As most of you know, I’m sure, good skin is essential for careers on stage or in front of the camera in New York City or Los Angeles. Makeup can do a lot to cover all kinds of blemishes and imperfections, but if you have ever seen a television show in HD you can spot troubled skin a mile away. It is extremely important to have a solid skin care regimen in order to keep your skin looking great through long days of shooting and layers upon layers of makeup. The same rules apply to getting headshots. Makeup and airbrushing can cover most skin issues, but the better your skin looks naturally, the better your headshots will look overall. If you are not taking good care of your skin, now is a great time to start!
Here are a few tips:
● If you are currently washing your face with Ivory soap–or anything resembling ivory soap or hand soap–STOP right there!! That abrasive soap will dry up your skin causing more dull, dead skin and breakouts. Instead try using a gentle moisturizing cleanser like Cetaphil. I am also a fan of products by the brands Oil of Olay and Neutrogena. Ladies, don’t go to bed with make-up on! That is skin care sin #1. Gentlemen, if you can wash your face once a day in the shower that is a great start. In New York City, is it especially important to wash your face everyday due to the air/street/subway pollutants.
● Exfoliate: Exfoliation is crucial to having a fabulous, glowing complexion. By sloughing away the dead skin, the makeup will go on smoother and your skin will have a natural glow. Gentle is a key word here. The simplest way to achieve this is to use a washcloth to gently scrub your skin as you are washing with a moisturizing cleanser. There are also many products on the market that you can get at the drugstore: St. Ives Apricot Scrub is a good and inexpensive option. I am a fan of Bliss Pore-Perfecting Facial Polish that you can get at Sephora. Origins and the Body Shop also have great facial scrubs that work well. Taylor and I also recommend Loreal Advanced Revitalift Micro-Dermabrasion Kit as a more comprehensive option. Try to exfoliate your skin at least one a week or the day before your come in for your shoot. DO NOT, however, use a product you are NOT familiar with for the first time the day before your shoot. You want to test products like this (and read the labels and warning fully) especially if you have sensitive skin.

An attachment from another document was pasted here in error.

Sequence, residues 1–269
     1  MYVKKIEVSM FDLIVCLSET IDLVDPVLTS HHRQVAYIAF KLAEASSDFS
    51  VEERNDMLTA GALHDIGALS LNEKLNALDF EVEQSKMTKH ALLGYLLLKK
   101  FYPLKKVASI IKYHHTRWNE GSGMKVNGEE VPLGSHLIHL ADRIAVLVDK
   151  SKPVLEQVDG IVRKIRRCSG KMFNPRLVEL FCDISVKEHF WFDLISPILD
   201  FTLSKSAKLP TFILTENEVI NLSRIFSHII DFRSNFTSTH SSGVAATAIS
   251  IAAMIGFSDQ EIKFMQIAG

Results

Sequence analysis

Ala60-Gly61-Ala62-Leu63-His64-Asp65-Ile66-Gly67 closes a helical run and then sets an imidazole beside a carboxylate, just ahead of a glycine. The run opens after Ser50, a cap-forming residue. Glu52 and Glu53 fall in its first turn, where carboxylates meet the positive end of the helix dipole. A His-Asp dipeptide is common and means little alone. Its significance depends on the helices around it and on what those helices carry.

● Moisturize: Keep your skin moisturized by using a good facial lotion that suits your skin needs. Again, I really like the Olay products. Especially the Complete Daily Moisturizer with SPF 15. If you have oily or acne prone skin, get an oil-free moisturizer. As an actor, model, or performer of any kind it is very important to wear SPF every day. It is the only true, proven, non-surgical way to prevent wrinkles! (in addition to not smoking)!